The event was held at the International Gemological Institute offices at 551 Fifth Ave. Newman spoke about how once-ignored soft stones such as fluorite, amber, and prehnite now have a prominent and salable position in the fine jewelry world.
“New finds have made these nontraditional gems more available, and retailers are using the stones to set themselves apart from their competition by creating unusual items to wear and give as gifts,” she explained.
And while jewelers have long questioned the durability of these varieties, some of that resistance has melted away since designers learned to work around the limitations of those stones. Heather Moore, for example, bezel-sets fluorite in charms and pendants to safeguard the stone edges from nicks. Plus, proper care and storage of soft gems can go a long way in maintaining their beauty and integrity.
Newman also gave attendees a little history. For example, the four Cs—cut, color, clarity, and carat weight—of diamonds were born in the 1950s, and industrial-grade diamonds first appeared in the fine jewelry arena in the 1980s. It wasn’t until the 1990s, however, when Todd Reed truly put those stones on the map.
Monetary value of gems depends on many factors—cut, color, and carat weight included—but geographic origin, treatment status, clarity, and transparency also matter. Many stones are cut into cabochons when the color is good but the clarity (inclusions) or transparency (degrees of being cloudy or opaque) are not. In fact, gem beads are often thought of in the trade as being a lower-quality material, though that’s not the case for every gem species. “Jade dealers use their highest grade material in beads,” she says.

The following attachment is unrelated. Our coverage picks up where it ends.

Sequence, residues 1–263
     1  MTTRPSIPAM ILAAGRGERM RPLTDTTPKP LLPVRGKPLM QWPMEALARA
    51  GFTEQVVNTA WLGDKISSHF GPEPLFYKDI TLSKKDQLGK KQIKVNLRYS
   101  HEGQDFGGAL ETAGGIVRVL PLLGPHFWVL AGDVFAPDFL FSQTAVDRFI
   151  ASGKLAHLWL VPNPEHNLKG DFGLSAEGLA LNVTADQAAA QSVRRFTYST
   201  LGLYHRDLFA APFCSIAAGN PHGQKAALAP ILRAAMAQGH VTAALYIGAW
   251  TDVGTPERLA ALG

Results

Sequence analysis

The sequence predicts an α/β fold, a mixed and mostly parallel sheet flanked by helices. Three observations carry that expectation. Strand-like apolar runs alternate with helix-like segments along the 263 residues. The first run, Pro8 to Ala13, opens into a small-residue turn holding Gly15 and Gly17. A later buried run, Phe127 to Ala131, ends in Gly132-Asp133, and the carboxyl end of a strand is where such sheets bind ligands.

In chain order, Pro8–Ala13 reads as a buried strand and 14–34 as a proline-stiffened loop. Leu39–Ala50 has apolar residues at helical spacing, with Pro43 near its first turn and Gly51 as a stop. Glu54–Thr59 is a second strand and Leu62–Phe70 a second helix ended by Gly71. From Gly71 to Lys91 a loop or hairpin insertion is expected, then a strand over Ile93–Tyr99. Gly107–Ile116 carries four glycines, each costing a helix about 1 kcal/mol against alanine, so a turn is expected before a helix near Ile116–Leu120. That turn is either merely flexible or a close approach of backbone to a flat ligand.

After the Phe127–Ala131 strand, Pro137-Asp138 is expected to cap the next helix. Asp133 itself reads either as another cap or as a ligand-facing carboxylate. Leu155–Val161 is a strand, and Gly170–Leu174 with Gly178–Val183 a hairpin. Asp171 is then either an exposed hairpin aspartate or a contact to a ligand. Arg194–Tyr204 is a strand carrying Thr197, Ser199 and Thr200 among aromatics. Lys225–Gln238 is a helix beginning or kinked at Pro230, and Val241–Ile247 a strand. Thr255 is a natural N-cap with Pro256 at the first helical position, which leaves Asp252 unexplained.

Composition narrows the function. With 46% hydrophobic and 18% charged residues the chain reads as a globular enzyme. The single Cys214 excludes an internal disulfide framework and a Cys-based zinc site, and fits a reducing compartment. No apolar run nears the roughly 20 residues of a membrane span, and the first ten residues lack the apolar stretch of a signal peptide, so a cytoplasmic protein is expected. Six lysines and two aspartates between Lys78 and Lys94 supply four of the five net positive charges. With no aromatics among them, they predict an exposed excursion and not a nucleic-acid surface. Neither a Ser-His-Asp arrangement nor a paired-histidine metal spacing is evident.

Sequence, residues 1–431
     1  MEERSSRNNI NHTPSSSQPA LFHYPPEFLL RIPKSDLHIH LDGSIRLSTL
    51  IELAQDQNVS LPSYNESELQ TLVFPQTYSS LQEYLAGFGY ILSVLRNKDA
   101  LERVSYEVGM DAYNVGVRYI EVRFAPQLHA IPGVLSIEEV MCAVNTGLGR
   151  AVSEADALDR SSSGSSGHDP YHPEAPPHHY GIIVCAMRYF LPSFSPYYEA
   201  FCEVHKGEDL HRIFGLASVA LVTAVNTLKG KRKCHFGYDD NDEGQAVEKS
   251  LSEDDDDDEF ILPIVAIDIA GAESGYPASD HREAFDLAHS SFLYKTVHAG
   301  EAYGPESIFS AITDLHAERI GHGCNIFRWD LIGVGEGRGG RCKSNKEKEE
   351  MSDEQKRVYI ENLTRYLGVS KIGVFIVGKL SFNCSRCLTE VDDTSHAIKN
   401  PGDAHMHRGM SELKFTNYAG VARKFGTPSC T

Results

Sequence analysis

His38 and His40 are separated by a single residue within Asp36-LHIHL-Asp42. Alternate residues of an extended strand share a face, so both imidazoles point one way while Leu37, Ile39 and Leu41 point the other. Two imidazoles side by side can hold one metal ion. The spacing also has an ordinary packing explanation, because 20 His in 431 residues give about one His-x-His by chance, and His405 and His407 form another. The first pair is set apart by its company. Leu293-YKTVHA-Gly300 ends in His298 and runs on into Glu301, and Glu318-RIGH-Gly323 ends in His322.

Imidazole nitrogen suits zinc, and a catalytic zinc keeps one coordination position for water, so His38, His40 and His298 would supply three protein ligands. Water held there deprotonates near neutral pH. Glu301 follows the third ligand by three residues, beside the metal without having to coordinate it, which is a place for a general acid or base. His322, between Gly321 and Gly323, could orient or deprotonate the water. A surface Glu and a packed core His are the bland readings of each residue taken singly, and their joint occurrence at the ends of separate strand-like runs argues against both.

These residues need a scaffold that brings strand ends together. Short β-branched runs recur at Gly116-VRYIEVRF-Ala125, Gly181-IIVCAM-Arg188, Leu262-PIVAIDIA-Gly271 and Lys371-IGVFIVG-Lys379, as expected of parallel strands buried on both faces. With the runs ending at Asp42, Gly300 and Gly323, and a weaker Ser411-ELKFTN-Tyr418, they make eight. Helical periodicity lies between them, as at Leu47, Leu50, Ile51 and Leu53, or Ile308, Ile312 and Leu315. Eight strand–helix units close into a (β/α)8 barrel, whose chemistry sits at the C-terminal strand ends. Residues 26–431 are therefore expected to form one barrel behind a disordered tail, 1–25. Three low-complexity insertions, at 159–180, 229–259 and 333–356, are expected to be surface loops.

Most important about these “exotic” gems, as Newman calls them, is that they are in the spotlight thanks to high-end designers like Gurhan, brands like Chanel, and retailers like Tiffany & Co.
Collectors, however, must understand the differences in quality and value in order to make wise purchases. Newman cited a media report from 2011 about some semi-opaque stones found in a Detroit fish tank. The stones sold for tens of thousands of dollars, but the buyers didn’t understand “the effect of transparency on gem pricing,” she explained. “You can buy stones like those at gems shows for as little as $10 a carat.”
Newman sold some of her books on gemstones at a discount to WJA members last night, but her titles can also be purchased on Amazon.com.